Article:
PennDOT to pay team of companies for bridge repairs under single contract
Pennsylvania has more than its fair share of structurally deficient bridges — a higher percentage than any other state.
What it doesn't have is the money to fix all of them, which is why public-private partnerships are coming into play.
PennDOT is betting on a team of private companies to pay the upfront cost of replacing at least 500 structurally deficient, state-owned bridges, a first-of-its kind effort for the agency in that the large amount of work will be awarded in one contract to save time and money.
“This will be a great opportunity, and we wouldn't have been able to do as many if it weren't for the new transportation funding law,” PennDOT spokeswoman Erin Waters-Trasatt said.
The Rapid Bridge Replacement Project, which will “bundle” the bridge work, is expected to save money because the bridges are relatively small and can be similarly designed, allowing one team of companies that likely will subcontract some work to complete the work, the agency said. A single contract eliminates the need to solicit separate bids for design, construction and other work, Waters-Trasatt said.
PennDOT is able to run Rapid Bridge Replacement Program because of a public-private partnership law that Gov. Tom Corbett signed in 2012 and the $2.3 billion transportation funding law passed in November. The bill provides more money for transportation projects.
Of 614 state-owned bridges statewide that are eligible for the bridge replacement program, 60 are in Allegheny County, which has the most of any county on the list. There are 24 eligible bridges in Westmoreland County, 16 in Beaver County, 13 in Butler County and 27 in Washington County.
“There have to be better ways of doing business than what we've been doing in the past to get the bridge problem under control,” said Lisa Cessna, executive director of Washington County's planning commission.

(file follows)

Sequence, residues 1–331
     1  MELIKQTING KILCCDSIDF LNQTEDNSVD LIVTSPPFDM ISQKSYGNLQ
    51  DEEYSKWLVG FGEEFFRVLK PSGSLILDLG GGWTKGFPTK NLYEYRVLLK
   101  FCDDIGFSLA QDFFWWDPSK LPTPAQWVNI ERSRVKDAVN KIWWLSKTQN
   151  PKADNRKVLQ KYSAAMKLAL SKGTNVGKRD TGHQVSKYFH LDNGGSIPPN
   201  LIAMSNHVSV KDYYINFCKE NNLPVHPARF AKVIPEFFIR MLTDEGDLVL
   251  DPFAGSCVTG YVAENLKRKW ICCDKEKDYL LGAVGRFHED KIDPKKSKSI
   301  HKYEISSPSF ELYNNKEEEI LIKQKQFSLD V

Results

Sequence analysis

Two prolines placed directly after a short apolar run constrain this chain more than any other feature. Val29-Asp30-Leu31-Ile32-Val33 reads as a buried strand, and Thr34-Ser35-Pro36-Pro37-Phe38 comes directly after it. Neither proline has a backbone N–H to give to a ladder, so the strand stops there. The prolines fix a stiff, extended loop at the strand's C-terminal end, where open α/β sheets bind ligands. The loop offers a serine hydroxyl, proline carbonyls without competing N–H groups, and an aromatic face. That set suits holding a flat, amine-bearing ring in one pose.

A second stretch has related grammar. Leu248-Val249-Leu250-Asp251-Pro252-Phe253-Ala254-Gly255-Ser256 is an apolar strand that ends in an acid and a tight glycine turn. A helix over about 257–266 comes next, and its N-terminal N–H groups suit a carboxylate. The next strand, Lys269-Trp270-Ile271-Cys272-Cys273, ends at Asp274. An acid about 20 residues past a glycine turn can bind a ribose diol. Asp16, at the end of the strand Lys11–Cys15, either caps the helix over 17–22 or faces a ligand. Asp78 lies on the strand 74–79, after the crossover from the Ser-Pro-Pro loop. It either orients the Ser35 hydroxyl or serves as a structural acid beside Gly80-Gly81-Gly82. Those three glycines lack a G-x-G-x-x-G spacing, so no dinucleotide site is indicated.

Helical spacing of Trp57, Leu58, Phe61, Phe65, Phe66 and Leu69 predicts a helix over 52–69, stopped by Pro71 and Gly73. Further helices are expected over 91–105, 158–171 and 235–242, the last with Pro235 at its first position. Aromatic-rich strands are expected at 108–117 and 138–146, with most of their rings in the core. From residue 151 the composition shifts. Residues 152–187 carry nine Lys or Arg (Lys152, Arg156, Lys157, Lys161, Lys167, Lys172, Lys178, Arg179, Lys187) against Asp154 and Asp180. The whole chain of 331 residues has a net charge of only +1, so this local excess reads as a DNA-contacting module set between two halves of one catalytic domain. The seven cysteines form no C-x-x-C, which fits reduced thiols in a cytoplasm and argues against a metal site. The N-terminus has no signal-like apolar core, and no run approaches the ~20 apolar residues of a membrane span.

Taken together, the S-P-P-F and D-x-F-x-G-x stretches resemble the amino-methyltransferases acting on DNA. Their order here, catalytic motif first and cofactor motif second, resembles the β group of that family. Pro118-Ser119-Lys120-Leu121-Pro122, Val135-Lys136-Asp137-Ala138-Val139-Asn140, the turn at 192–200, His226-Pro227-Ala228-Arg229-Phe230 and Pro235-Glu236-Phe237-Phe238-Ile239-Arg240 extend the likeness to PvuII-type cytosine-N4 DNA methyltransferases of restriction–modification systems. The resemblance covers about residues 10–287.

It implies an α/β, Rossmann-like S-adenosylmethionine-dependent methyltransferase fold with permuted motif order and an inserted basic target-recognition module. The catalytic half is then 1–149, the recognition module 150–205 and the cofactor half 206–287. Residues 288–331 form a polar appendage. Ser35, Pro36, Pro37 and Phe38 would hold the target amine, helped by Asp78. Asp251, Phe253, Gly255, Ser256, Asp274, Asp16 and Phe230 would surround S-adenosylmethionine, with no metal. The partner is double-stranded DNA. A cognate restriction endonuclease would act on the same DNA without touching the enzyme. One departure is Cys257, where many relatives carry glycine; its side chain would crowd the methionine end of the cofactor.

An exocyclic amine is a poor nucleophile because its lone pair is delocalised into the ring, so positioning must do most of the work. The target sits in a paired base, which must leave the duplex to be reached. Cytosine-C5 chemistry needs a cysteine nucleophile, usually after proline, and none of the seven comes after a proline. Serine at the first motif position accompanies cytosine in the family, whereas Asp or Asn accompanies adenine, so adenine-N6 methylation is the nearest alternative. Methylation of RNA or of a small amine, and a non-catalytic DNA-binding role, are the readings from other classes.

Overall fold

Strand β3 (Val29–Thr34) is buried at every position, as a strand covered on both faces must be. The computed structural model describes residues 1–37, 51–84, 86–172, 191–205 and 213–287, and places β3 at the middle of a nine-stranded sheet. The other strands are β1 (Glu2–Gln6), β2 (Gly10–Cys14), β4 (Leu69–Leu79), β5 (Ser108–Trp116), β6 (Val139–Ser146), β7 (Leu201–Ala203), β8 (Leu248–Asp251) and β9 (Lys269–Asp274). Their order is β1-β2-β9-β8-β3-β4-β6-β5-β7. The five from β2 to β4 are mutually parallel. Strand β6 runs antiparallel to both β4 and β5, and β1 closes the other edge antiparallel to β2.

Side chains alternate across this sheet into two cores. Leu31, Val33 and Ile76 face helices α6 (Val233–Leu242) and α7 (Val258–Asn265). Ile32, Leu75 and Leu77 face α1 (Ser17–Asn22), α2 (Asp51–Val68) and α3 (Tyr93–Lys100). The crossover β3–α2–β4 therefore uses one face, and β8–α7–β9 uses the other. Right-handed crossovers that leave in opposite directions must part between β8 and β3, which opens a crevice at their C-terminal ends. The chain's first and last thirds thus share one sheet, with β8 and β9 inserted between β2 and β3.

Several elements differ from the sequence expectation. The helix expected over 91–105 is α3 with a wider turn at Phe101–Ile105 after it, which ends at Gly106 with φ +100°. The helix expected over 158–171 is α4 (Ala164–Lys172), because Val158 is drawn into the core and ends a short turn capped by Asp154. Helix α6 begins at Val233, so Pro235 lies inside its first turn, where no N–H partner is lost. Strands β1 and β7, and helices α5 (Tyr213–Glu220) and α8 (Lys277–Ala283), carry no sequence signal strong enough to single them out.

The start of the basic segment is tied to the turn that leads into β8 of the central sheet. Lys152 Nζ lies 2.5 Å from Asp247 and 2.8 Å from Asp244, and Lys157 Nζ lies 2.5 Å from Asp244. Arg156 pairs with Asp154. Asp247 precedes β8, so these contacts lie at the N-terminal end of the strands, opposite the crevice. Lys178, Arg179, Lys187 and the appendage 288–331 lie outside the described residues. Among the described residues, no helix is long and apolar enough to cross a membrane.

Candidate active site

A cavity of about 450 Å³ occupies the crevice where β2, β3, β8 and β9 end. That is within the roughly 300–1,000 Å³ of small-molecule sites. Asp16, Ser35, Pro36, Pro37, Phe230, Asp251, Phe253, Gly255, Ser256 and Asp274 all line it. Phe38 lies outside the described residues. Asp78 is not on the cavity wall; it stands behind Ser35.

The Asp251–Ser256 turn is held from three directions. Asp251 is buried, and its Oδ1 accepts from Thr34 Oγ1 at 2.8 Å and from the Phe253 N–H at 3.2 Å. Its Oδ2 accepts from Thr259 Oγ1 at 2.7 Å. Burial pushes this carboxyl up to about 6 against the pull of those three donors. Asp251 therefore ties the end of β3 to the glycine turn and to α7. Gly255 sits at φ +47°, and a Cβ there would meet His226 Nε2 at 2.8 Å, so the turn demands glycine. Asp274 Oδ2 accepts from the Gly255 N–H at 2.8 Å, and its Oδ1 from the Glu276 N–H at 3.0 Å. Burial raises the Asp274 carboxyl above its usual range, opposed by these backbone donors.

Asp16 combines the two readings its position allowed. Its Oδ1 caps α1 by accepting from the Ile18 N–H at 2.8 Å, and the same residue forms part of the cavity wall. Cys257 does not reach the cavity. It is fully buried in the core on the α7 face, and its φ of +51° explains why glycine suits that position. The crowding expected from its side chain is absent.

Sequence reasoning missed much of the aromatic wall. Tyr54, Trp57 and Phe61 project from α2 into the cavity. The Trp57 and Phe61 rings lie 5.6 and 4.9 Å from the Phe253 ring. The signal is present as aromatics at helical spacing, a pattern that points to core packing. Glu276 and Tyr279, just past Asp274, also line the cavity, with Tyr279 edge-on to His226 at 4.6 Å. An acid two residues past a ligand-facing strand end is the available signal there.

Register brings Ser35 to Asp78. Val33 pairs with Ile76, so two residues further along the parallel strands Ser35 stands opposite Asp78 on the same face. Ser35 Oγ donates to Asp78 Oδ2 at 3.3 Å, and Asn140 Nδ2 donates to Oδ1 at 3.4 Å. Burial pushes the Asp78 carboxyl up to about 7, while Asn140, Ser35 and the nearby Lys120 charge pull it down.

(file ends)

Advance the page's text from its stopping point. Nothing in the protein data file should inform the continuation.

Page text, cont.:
Five teams of companies submitted qualifications to do the work. PennDOT will pick the team and finalize the list of winning bridges. Work must be completed within five years.
PennDOT will own the bridges and perform basic maintenance, such as snow removal, but the team will be responsible for significant maintenance for up to 35 years, Waters-Trasatt said.
The team must secure funding, and it will be paid when certain work is completed, Waters-Trasatt said.
PennDOT expects the work to start in 2015. It does not have an estimate yet of costs.
Typically, if a project's risk is high, a company expects to make more profit, said Les Snyder, president and chief executive officer of Downtown-based Infrastructure and Industrial Constructors USA. With 500 bridges being built by one team of companies in five years, the companies would expect their profit to be higher, Snyder said.
Snyder's company and one of its subsidiaries are part of a team called Commonwealth Bridge Partners that submitted qualifications to PennDOT.
One reason Snyder's firm was drawn to the project was the opportunity to participate in a public-private partnership unprecedented in Pennsylvania because of its scope, Snyder said.
“It's a new process in the commonwealth,” he said.
Allegheny County spokeswoman Amie Downs said it would be “inappropriate” to comment because discussions with PennDOT about the program continue.
A pilot public-private partnership worked in Washington County, Cessna said. PennDOT paid to repair county-owned bridges through a bundling contract, but the counties have to maintain the roads.
“There would have been no way, even in the next 10 years, that we would have been able to accomplish getting this many bridges off the structurally deficient list,” said Cessna, who estimated the work to fix 17 bridges would have been in the millions.
Public-private partnerships were virtually unheard of 20 years ago, but have grown as the source of funding for transportation projects — state and federal gas taxes — has been flat, said Martin Pietrucha, a professor of civil engineering at Penn State and director of the Pennsylvania Transportation Institute.
“And in as much as the revenue basically has been staying flat while expenses have been going up, there's been a lot of deferred maintenance,” he said.
Tory N. Parrish is a staff writer for Trib Total Media. She can be reached at 412-380-5662 or firstname.lastname@example.org.
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